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Security Deposit: Ten Steps to a Timely Refund [Updated]

State law requires that the security deposit be returned to the tenant within 21 days of move-out. Any deduction up to $125 must include an itemized list of actual expenses paid by the landlord. But too often we hear of improper deductions or even the entire deposit stolen by the landlord. The law is clear that the deposit is the tenant’s money and is to be returned minus only specific, lawful expenses. Before the landlord can steal your money protect yourself with these steps….starting with move-in.

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Burglar Bars in Multifamily: Crime Protection Measure or Fire Safety Hazard?

‘Burglar bars’ are wrought-iron grates that are affixed to first-floor windows of residential dwellings. We see them all across Los Angeles and occasionally in Beverly Hills. They may provide a sense of security, but when not properly maintained they can rust and fail to swing open when released from inside. In a fire they can trap residents inside. Too often we see aged and rusting burglar bars on multifamily properties that are poorly-maintained and that can be a safety hazard. So we got to wondering…What are the regulations on burglar bars?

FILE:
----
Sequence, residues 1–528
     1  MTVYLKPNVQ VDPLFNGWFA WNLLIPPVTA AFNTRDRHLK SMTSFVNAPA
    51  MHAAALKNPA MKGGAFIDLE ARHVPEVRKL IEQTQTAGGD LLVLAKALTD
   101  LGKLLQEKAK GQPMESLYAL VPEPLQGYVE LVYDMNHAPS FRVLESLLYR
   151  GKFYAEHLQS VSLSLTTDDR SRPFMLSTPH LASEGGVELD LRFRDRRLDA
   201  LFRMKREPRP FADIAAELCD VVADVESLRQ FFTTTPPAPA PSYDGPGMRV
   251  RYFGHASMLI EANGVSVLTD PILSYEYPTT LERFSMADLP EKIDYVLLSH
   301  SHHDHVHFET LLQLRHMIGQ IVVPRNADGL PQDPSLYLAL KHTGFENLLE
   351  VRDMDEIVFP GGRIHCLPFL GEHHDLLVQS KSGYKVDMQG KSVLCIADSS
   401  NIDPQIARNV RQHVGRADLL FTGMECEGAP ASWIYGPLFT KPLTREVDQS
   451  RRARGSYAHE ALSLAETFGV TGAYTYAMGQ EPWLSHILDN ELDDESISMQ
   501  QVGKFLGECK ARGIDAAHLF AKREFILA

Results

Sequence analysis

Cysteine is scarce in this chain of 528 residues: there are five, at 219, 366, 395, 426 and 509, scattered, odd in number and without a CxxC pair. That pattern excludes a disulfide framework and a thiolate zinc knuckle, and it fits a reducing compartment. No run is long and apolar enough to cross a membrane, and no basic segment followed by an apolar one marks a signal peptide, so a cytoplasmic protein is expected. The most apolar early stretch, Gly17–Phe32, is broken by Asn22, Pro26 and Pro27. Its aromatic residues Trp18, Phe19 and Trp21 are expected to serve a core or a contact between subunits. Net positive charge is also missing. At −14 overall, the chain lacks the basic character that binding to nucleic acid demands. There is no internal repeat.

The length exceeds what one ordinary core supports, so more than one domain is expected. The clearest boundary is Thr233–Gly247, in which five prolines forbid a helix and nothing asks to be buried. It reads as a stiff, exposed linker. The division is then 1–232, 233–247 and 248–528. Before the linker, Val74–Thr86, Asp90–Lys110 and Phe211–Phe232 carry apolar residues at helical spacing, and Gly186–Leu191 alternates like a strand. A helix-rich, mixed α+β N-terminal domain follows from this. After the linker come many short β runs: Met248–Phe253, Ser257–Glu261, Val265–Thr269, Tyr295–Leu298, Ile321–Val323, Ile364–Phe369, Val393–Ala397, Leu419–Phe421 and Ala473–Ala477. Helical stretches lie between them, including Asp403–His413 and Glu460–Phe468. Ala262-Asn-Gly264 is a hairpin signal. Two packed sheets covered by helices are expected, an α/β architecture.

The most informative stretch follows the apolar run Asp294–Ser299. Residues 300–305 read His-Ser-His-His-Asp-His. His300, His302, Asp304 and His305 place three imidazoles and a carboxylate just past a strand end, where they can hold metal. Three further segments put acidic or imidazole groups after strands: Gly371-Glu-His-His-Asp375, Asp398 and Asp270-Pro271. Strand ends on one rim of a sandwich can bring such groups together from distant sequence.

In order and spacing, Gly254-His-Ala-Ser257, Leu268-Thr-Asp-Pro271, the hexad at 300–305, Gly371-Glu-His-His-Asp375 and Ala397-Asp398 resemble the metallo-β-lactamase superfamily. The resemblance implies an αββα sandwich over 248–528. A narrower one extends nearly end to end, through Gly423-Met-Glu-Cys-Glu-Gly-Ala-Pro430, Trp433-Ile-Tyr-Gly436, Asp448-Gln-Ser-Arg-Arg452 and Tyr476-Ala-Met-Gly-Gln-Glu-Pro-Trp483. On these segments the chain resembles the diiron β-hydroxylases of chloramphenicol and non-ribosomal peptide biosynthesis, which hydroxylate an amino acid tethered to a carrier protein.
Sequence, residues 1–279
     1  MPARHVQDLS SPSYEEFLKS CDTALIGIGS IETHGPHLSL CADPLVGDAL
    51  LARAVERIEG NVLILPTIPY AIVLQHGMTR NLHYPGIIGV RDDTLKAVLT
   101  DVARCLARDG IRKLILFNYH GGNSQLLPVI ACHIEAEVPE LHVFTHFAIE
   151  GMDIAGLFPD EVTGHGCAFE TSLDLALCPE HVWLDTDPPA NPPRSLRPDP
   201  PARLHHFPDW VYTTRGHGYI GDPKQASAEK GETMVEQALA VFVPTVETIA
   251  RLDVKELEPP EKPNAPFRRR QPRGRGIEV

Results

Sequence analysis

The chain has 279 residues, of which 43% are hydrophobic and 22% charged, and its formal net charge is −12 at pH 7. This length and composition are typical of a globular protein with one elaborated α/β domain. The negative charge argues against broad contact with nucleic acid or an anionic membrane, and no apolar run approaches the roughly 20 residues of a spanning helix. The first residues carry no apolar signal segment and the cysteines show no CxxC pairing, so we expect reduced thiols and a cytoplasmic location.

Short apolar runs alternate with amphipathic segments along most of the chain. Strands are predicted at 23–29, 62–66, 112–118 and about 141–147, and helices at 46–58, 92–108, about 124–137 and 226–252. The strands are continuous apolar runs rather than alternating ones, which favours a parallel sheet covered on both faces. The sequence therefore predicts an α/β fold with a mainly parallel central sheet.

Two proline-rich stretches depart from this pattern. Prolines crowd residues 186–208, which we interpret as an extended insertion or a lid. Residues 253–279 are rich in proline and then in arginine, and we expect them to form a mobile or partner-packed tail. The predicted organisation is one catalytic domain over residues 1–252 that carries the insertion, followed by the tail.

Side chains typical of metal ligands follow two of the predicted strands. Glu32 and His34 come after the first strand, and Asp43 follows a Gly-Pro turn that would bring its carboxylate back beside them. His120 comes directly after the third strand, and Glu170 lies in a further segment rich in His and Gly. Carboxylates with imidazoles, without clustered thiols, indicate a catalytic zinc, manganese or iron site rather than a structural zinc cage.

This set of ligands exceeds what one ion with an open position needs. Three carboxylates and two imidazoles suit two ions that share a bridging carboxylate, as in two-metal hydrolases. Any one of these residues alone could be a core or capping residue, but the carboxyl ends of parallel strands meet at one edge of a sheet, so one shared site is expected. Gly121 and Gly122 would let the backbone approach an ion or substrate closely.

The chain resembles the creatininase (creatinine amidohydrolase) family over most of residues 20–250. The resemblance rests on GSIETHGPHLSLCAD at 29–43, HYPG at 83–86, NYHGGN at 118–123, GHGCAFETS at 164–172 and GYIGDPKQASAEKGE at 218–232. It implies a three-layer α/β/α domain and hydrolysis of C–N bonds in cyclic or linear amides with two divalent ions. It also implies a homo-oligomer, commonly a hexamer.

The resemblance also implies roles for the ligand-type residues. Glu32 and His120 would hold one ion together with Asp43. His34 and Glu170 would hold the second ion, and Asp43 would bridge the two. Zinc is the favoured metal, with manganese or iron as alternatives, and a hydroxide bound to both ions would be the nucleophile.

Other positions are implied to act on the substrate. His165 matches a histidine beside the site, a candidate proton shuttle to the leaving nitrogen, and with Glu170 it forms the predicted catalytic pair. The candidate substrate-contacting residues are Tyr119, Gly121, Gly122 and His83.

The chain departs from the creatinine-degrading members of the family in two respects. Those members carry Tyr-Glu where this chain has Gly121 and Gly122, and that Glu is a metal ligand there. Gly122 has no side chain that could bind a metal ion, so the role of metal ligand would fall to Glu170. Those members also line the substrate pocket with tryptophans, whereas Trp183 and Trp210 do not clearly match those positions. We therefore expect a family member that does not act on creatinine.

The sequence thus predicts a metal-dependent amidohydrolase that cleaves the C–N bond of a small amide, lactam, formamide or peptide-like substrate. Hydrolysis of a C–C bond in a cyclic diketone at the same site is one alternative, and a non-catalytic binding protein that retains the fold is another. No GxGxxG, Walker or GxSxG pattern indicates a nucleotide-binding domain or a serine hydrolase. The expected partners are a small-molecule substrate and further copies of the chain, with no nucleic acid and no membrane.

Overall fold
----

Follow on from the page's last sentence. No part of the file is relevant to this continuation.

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New City Website. Same City Hall Indifference.

We could fund a robust tenants’ rights campaign if only we had a nickel for every time that we found and reported a problem with the city’s website. And a recent redesign is scant improvement. For a decade we have complained to the city about poorly-organized menus, long load times, and broken links throughout the site. But after the redesign broken links are now our problem. Nearly all of our posts link to beverlyhills.org and overnight all those links broke. They now return an error page. To what can we attribute that oversight? Indifference!